Whatever happened before, you did it. Own it. If you have thrown up on people, started a fight or passed out in the cranberry sauce, acknowledge it. Apologize and move on. Don’t make excuses for it or try to deny it. The family gathering was disturbed by this event and you are responsible.
Stay in the Present
However, regardless of what happened before, this is this Christmas and you are sober right now. Bring your family back to this point as many times as you have to. “I am not doing that right now.” “I am perfectly sober right now.” Keep bringing them back and don’t allow it to become a blaming or guilting contest.
Realize their behavior may come from fear. They may not be telling you what you are doing right now, they may be telling you what they fear you will do. If your instincts tell you this is the case, try to confront the fear. “Could it be that you are afraid I’m going to get drunk and embarrass everyone like I did last year?” If your family uses humor as a coping technique this would be a good time to use it. Put the fear on the table. Then address it by keeping it in the present. “But I’m absolutely sober, right now.” Then negotiate a compromise. “O.K., you’re afraid I’m going to get drunk. But I’m not drunk right now, right? What if you tell me if you sense that I’m getting drunk at any point in the dinner and I will be happy to leave. Will that work?” That keeps them focused on what you are doing right now and lets them know that you have agreed to leave if a problem erupts. If you stay sober, which you will, you stay at the dinner. Problem solved.
If your family refuses to address the fear and refuses to keep it in the present and let the past go, they may be heavily invested in keeping you in the role of the family drug abuser for some reason. If this is the situation, you may just have to excuse yourself from the gathering. Do not allow yourself to be kept in that role.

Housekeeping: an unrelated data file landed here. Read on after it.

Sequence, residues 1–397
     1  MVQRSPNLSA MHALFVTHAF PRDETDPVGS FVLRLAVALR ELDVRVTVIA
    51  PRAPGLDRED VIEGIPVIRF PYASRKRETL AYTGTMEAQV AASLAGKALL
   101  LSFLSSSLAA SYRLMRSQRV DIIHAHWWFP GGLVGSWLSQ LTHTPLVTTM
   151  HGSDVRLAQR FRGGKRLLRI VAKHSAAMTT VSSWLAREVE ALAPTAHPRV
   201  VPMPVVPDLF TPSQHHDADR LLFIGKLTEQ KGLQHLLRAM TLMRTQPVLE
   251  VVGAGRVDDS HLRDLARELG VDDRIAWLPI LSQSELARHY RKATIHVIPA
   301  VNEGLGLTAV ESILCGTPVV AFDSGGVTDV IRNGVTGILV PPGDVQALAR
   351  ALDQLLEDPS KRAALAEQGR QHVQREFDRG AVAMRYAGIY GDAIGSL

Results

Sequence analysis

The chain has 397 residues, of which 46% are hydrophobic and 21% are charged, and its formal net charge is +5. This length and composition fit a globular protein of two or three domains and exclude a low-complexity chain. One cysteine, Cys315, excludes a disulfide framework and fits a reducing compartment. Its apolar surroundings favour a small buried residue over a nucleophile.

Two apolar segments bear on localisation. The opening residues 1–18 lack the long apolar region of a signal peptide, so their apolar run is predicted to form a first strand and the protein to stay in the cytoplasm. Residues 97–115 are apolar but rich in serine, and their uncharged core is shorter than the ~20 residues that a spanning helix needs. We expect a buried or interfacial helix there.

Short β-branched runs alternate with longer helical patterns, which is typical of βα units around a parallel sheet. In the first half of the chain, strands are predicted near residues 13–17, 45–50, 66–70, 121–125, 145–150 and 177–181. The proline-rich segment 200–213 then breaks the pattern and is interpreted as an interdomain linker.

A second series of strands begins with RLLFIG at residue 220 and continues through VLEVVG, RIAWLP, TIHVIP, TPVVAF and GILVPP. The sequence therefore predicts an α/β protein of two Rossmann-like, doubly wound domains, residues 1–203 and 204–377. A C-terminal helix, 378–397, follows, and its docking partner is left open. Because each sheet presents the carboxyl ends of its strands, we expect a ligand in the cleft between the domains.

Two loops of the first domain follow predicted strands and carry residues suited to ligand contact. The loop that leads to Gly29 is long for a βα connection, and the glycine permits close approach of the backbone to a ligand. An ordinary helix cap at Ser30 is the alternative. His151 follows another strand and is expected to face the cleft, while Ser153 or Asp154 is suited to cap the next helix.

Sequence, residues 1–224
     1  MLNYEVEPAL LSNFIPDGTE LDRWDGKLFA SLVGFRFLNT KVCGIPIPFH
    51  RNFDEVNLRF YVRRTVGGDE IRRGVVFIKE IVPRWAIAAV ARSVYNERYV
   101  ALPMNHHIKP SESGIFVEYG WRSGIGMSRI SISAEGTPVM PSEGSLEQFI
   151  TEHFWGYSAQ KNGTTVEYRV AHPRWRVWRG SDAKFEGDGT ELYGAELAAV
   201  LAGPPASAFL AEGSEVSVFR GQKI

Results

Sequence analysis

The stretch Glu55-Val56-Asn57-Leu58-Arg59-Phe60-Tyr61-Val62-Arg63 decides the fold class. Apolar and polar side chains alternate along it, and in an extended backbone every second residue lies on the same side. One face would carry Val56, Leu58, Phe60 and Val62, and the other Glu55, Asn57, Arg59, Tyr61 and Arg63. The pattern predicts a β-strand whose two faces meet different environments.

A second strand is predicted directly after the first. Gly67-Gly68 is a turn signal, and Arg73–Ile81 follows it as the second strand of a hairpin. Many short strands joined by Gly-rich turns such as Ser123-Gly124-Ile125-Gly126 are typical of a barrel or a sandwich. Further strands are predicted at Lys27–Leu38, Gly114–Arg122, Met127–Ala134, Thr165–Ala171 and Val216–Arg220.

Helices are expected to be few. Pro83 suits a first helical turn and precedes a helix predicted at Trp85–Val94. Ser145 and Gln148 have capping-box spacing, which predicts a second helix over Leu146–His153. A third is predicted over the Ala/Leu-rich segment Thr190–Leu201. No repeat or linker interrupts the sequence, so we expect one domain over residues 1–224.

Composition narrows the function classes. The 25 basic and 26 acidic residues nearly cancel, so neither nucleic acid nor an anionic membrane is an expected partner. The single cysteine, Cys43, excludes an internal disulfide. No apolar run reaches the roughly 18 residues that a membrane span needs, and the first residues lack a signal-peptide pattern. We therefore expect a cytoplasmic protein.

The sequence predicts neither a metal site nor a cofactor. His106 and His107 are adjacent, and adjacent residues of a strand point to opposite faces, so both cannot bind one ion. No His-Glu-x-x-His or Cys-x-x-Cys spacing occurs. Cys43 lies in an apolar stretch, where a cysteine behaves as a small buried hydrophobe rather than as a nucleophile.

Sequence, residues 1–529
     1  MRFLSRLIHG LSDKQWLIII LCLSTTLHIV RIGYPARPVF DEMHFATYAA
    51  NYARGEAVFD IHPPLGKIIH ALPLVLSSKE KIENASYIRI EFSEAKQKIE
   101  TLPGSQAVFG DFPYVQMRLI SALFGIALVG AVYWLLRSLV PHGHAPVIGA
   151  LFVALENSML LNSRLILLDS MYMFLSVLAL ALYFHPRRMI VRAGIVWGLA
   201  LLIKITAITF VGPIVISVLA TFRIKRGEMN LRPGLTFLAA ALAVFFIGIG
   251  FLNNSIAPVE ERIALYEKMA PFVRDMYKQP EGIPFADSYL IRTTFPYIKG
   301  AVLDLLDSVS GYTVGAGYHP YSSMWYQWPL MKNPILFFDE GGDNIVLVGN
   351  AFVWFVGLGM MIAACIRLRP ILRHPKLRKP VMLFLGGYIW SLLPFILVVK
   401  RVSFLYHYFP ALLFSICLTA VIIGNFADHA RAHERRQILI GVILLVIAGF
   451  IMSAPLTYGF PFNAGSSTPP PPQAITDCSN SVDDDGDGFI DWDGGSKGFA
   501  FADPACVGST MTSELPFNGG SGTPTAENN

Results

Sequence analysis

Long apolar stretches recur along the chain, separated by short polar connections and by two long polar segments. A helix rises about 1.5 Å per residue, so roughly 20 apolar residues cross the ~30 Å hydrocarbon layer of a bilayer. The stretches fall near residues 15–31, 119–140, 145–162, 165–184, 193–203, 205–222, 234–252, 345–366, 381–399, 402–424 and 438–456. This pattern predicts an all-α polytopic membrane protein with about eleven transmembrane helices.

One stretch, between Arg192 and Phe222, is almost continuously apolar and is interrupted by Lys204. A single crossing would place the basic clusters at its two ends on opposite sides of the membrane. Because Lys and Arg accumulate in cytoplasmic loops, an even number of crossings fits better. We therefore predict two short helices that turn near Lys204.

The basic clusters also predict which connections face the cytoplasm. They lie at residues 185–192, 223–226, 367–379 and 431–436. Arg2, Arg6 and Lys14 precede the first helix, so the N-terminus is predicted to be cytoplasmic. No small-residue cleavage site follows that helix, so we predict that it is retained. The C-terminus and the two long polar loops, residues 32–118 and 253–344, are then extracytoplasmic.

Be Aware of Saboteurs
If your family needs you to be a screw up for some reason, they may use ingenious ways of sabotaging you: “Just one drink won’t hurt.” “What are you, a holy roller now?” “Ohhhhh, you think you’re better than us now??” First realize that this is not consciously done. Whatever their reasons for needing you to be a drug addict or an alcoholic they would probably be the last ones to realize it. Getting them to own their motives or behavior may be impossible for this reason. Whether they can or will take responsibility for it, the Christmas dinner is probably not the time to try to hash it out. If you are being sabotaged try not to take it personally, but do not allow it to continue. Just say “No” to sabotaging. Boundaries, boundaries, boundaries. Excuse yourself and have a Plan B.
Have a Plan B or an Escape Plan
Decide what you will do if things start to go awry. Look at what possible reactions your family may have to your sobriety. If there is a potential for any type of sabotaging or blaming, decide ahead of time what you will do. Decide how far you will let it go before you leave. Don’t leave with a lot of fighting, blaming or finger pointing. Just tell them quietly you think it would be better if you leave and quietly leave.
Ask a friend or family member if you can join their Christmas dinner if your family gathering becomes untenable. You may have a support group you can attend. You may just want to go home and practice self soothing techniques to get your peace of mind back. But have some kind of back up plan so you don’t get caught off guard. If you plan to go to home you might want to check yourself. Loneliness is a big problem this time of year. If you are an introvert, going home to self soothe may be a good idea. If you are an extrovert, you may want to have a backup plan that involves being around other people.